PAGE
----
While Americans theoretically love westerns, they usually don’t do well at the box office and are therefore, rarely made. It’s a shame that this genre which is so quintessentially associated with our country gets brushed aside so often. Most of the ones that actually are popular are products of a bygone era. ‘True Grit’ was one of John Wayne’s most popular films, which is a statement in itself. Our friends the Coen brothers saw fit to remake this film.
14 year old Mattie Ross (Hailee Steinfeld) goes into town to collect the body of her father who was gunned down and robbed by a man named Tom Chaney (Josh Brolin). Instead of just settling the family affairs as simply as possible, she seeks justice. Her inquiries lead her to hire drunken U.S. Marshall Reuben ‘Rooster’ Cogburn (Jeff Bridges). Also in the mix is a Texas Ranger named LaBoeuf (Matt Damon) who is out to collect a bounty on Chaney. Mattie is very insistent upon following the men and though they may resist and wish she wasn’t so insistent, they accept her company on their trips to track down their man.
Will they find Chaney somewhere in the wilderness? Will Mattie’s stubbornness get her into more trouble than she can handle? Are there other outlaws roaming the open range? If this is Indian country, why aren’t there any Native Americans roaming around? How much whiskey can Rooster put away in the course of one movie?
This version is less gussied up and polished than the 60’s original. There is some gore and some grievous bodily injuries that are suffered. No one really escapes unscathed. Rooster isn’t a spotless giant among men, he is a sloppy, weathered drunk. The overall approach is to present a less pasteurized version of the old west, one that is probably significantly more historically accurate. It’s also closer to the Charles Portis novel (read it!).
The Coens have made fine livings with their sense of humor and it is again utilized here. The combative banter between LaBeouf and Rooster is funny as is the level of annoyance that builds within Rooster because of Mattie’s aggressive approach. Her manner of speaking and sense of propriety is far beyond her years and separates her from her rough and tumble surroundings.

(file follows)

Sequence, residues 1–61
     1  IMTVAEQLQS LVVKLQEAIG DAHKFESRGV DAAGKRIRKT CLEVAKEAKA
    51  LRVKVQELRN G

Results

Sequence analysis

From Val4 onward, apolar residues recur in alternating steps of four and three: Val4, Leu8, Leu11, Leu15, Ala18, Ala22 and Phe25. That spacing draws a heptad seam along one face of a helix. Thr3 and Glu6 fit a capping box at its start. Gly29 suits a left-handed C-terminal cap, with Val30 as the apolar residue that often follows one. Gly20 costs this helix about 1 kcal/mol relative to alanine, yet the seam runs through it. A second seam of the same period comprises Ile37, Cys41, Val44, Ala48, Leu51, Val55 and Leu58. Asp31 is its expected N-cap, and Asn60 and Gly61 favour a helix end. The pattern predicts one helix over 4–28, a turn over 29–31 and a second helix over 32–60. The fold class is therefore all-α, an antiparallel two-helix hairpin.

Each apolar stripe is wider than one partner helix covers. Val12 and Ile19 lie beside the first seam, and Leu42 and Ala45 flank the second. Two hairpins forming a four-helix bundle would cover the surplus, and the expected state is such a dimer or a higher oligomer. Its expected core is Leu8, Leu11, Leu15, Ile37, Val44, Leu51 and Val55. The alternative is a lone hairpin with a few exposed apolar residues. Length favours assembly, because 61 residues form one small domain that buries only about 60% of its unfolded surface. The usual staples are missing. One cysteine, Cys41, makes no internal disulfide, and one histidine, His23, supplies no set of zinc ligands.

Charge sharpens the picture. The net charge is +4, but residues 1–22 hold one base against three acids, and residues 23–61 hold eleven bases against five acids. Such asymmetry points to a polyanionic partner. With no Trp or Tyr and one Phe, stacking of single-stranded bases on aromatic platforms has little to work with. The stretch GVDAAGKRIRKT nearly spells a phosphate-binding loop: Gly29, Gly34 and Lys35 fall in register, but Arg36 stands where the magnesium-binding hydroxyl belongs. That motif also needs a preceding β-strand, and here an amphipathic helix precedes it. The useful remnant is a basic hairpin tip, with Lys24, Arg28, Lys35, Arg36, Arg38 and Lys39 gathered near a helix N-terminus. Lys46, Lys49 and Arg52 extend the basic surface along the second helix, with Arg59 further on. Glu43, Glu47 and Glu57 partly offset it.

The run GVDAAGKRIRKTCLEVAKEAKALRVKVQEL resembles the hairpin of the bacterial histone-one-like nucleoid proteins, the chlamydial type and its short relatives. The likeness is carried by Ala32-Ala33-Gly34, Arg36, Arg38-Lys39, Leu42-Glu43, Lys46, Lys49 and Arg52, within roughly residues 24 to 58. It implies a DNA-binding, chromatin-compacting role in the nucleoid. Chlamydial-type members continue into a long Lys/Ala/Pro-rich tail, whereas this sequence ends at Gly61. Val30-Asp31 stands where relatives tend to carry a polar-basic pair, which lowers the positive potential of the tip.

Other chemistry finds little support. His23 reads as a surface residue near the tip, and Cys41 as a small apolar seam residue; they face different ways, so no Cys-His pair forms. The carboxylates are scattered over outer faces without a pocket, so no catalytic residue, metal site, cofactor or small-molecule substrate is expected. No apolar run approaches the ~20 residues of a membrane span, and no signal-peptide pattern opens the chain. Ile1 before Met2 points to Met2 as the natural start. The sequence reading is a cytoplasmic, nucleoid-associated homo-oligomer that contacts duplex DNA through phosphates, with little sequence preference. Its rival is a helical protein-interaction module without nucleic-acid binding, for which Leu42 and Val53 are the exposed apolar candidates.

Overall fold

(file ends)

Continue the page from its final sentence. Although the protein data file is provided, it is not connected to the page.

Maybe this story isn’t as off-the-wall or as daring as what the Coens usually make. It’s really a straightforward genre tale that is well done. Part of their approach lately has seemed to involve taking more chances. Well, for a duo that is expected to reinvent the wheel, playing it straight may have been the most surprising thing to do. The same can be said for remaking a movie that is generally accepted as being a classic.
Jeff Bridges was an appropriate choice for Cogburn. This role probably isn’t too far off from being what he is naturally like. The almost always underrated Matt Damon gives LaBeouf an air of superiority that makes him stick out like a sore thumb given his surroundings, but that’s the point of the character. Hailee Steinfeld’s Academy Award nominated performance is perfectly precocious and her character mentally runs circles around most of the adults which is amusing if not unexpected. For all of the fuss that is made about Tom Chaney, he is only on screen for about 15 or 20 of the film’s final 25 minutes. It’s not a bad approach because our protagonists are always as step behind him and we, the viewers, are as well.
Special features include: a behind the scenes look at Mattie Ross, a conversation with the costume designer, recreating Fort Smith, and an examination of the cast.
While the plots of the two films play out extremely closely, there are some reasonably minor changes that have a big impact on the tones. No real spoilers shall come from me, though.
If you’re the type to like your movies to be old-fashioned and in compliance with the Hayes Code (a now antiquated set of rules of decency for film), then you may prefer the original. If you’re a fan of the book (which both movies were based on) and are willing to accept a less glamorized approach at an old favorite story, this should get high marks from you. Whichever you prefer, they’re both good westerns which means that everybody wins!
Rated PG-13 110 minutes 2010